Following an armed uprising in 2007, the government of Niger—for the second time—banned the nomadic Tuareg people from playing the guitar, viewing it as a literal instrument of rebellion. Tuareg superstar Omara “Bombino” Moctar sees his guitar as a symbol of independence and self- determination in the land his people have inhabited for thousands of years: “not as a gun, but as a hammer with which to help build the house of the Tuareg people.”
Born and raised into the rights-agitating, Berber-descended North African nomadic tribe, Bombino taught himself guitar as a teenaged exile, while working as an animal herder in the Libyan desert. He learned first from ishoumar musicians who sang of the rights and heritage of the Tuareg, then from videos of Jimi Hendrix and Mark Knopfler. As a working musician and a rising star, he became the subject of a feature-length 2010 documentary, Agadez: The Music and the Rebellion.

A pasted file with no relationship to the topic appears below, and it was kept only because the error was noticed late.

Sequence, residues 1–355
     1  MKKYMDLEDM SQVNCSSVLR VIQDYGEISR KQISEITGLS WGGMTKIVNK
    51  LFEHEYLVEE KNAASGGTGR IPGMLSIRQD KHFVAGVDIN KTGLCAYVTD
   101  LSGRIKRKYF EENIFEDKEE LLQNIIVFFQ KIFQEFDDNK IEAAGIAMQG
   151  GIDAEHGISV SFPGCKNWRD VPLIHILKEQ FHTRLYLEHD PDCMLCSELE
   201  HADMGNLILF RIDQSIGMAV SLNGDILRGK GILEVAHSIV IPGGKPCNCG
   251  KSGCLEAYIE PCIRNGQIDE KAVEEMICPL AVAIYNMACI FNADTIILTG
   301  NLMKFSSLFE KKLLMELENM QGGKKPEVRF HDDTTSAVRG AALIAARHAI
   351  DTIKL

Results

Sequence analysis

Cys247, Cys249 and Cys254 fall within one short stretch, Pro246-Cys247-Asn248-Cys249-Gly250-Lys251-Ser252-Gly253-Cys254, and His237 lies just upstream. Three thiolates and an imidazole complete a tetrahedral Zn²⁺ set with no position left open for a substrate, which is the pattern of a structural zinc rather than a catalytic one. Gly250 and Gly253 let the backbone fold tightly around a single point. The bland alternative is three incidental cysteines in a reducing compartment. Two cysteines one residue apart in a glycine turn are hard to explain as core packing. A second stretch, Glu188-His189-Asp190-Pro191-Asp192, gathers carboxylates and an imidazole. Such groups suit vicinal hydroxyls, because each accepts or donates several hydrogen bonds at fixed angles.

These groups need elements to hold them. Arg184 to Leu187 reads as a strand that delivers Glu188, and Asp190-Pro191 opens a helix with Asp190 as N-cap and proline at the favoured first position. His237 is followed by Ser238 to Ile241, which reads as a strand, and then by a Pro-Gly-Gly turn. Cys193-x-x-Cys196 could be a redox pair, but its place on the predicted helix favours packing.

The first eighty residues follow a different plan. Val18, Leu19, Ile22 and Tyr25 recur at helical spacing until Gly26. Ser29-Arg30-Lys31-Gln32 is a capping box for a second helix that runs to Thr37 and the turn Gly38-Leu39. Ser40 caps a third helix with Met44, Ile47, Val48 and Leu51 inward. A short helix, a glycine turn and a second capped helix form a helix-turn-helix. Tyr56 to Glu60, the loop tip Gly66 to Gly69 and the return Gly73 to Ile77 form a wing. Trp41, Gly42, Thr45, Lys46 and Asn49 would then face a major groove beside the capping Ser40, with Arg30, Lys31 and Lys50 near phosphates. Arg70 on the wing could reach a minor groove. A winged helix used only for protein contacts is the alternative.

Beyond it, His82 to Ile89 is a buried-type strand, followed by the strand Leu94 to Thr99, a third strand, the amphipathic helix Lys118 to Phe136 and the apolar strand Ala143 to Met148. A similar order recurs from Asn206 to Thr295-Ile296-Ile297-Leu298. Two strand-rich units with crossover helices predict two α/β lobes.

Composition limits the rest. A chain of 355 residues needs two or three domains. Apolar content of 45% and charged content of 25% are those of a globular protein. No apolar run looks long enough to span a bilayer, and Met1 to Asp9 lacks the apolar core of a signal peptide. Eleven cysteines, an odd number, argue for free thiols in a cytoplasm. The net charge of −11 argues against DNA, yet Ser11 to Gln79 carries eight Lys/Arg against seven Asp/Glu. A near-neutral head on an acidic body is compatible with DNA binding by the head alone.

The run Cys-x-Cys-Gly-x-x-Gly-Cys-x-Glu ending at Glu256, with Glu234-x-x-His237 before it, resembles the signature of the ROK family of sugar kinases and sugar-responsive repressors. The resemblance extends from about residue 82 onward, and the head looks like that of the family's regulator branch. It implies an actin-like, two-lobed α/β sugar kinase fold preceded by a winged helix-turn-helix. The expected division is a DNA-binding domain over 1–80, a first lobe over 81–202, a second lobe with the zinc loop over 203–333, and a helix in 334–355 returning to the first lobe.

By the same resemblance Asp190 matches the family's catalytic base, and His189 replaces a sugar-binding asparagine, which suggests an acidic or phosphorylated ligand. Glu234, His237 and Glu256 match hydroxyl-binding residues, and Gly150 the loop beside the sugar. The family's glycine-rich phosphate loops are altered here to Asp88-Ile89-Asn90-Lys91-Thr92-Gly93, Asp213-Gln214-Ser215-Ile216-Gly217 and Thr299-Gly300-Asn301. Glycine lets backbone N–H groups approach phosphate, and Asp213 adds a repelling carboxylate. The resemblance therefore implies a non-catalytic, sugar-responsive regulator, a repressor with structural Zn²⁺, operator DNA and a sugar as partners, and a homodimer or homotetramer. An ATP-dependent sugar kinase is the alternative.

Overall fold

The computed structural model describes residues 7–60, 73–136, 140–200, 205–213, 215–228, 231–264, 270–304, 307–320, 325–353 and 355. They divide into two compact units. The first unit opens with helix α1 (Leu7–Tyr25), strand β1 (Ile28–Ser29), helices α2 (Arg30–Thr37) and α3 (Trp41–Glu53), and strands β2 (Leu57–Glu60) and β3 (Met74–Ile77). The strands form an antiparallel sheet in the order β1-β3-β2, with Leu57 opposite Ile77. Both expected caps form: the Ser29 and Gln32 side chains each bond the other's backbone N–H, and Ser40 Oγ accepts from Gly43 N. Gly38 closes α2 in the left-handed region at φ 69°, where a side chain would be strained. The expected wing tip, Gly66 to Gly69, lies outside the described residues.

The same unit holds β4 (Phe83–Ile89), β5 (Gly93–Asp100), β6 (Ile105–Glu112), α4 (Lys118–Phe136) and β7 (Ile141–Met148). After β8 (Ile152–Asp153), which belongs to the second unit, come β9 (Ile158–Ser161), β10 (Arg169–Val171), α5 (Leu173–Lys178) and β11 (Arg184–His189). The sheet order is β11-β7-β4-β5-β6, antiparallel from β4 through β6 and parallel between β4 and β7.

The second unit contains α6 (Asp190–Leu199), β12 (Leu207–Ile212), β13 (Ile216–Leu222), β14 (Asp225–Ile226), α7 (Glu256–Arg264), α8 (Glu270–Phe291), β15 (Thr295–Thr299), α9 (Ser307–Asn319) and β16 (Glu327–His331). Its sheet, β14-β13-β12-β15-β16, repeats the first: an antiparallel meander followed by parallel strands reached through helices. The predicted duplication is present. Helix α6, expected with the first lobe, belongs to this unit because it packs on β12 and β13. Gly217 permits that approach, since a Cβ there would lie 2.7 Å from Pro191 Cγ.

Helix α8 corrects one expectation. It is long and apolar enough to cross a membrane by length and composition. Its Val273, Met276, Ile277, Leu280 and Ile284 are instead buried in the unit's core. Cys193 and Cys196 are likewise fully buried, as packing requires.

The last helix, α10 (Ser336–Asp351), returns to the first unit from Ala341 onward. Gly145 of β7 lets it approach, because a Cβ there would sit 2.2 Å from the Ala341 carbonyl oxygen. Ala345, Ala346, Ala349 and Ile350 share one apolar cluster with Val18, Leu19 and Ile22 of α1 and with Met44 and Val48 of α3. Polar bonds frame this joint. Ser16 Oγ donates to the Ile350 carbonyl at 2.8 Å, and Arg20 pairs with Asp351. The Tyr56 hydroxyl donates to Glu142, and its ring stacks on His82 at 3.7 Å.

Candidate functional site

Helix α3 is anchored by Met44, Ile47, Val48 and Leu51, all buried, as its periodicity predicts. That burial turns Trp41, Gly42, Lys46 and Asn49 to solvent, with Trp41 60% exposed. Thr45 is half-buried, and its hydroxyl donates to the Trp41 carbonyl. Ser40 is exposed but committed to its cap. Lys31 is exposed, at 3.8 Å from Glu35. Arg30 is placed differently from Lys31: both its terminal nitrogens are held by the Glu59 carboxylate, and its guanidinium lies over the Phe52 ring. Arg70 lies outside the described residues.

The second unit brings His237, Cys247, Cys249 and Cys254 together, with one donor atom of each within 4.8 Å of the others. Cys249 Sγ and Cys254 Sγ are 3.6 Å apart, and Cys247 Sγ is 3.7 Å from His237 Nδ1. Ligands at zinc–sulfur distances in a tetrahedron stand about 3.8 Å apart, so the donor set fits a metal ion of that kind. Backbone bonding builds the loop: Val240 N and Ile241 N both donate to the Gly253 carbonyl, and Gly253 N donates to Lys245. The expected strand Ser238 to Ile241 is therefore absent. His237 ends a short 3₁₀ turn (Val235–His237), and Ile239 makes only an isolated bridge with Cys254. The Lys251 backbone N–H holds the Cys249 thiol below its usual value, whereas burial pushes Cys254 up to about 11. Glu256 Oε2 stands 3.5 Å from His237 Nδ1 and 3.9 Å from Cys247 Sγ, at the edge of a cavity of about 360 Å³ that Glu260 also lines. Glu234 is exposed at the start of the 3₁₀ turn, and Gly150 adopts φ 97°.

His second internationally released album, Nomad, was produced by Dan Auerbach of the Black Keys. If you're familiar with the “desert blues,” you know its building blocks: lively extended jams over irresistible syncopated grooves, soaring modal virtuosity, and impassioned vocals. As a key voice of the next Tuareg generation, Bombino takes it to a new level, with songs about peace that fuse traditional Berber rhythms with rock and roll energy. His message of education, strength and peace is delivered with a charismatic soul that looks a lot like freedom. LS/FF